Print is not dead !
— Ernie Boch Jr. (@ErnieBochJr) February 22, 2013
On Monday, Boston University Daily Free Press launched a $70,000 fundraising campaign to save its print edition.
On Wednesday, the paper announced it’s already exceeded its goal, thanks to a $50,000 contribution from Boston philanthropist Ernie Boch Jr., $10,000 from Fox News personality Bill O’Reilly, and donations from others.
The BU paper says:
The support from the Boston community, FreeP alums and the greater sphere of journalists all over has been overwhelmingly encouraging. We can not thank all of you enough for helping to spread the word and donating.
We will be closing the gofundme soon, and we will begin assessing our funds and deciding how to handle the surplus immediately.
In early 2013, auto magnate Boch showed interest in the Boston Globe and, at that time, tweeted “Print is not dead!”
* The BU Daily Free Press print edition will live on (dailyfreepress.com) | (BostonInno)
* O’Reilly called FreeP staffers and explained his donation (bostonglobe.com)
* Editor: “This goes to show how important student journalism is” (@kyleplantz)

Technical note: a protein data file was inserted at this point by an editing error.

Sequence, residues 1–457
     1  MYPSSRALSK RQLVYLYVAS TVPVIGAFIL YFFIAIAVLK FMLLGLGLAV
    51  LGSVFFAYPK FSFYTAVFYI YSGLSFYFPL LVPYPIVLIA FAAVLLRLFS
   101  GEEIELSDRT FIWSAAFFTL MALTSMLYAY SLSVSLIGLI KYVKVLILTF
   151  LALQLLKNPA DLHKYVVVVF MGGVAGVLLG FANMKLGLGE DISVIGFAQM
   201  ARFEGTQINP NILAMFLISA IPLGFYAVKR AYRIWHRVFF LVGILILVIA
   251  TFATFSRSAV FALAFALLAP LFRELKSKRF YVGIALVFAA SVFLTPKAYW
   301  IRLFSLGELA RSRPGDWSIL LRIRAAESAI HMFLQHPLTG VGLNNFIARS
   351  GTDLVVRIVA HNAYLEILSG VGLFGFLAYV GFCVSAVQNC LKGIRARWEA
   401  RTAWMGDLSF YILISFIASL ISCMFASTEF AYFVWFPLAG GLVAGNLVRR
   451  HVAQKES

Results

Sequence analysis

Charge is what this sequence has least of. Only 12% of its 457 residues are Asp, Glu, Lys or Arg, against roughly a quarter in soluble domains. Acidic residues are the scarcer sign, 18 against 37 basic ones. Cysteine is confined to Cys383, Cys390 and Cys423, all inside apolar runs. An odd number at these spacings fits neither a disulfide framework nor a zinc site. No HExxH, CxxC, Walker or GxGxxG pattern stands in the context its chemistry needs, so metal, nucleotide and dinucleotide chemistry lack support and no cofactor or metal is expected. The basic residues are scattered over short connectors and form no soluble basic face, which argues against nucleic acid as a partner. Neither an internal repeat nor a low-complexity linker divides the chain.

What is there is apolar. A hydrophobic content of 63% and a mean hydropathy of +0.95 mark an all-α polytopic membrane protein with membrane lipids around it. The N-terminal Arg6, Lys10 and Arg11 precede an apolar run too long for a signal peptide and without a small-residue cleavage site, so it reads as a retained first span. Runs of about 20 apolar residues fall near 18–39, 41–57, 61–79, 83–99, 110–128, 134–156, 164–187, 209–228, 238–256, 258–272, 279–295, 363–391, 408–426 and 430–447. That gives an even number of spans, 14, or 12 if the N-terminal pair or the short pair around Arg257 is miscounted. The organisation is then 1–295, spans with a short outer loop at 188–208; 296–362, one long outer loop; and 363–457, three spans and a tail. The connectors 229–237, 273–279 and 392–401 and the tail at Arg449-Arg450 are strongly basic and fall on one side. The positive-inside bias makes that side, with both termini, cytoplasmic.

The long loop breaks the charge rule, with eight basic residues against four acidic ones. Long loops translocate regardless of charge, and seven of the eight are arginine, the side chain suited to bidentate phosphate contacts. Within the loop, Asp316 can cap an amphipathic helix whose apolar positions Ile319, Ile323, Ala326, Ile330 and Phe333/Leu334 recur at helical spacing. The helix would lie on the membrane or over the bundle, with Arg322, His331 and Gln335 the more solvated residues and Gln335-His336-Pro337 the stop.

A reporter writes: “For some reason, I am on an email list for Ditto Public Affairs, a PR agency, which sent me a link to an internal piece explaining – presumably to clients – why it is worth it to pitch to local media. It is worth it because it builds a body of clips or videos that can lead to national coverage/publicity. My natural response would be: Note to ditto: screw you. Signed, local media, aka, not your stepping stone.”
From Ditto’s post:
Even in smaller markets, such as Austin or Milwaukee, sitting down with local media is a good idea. But why is that worth your time? The answer is two-fold.
First, many people who hire a PR firm have never done an interview before. Local media can be a great introduction for them. It provides a way to refine messaging and generate a good base of interviews ranging from TV to radio. It also acts as a way to improve recognition amongst stakeholders and influencers in and around a metro area.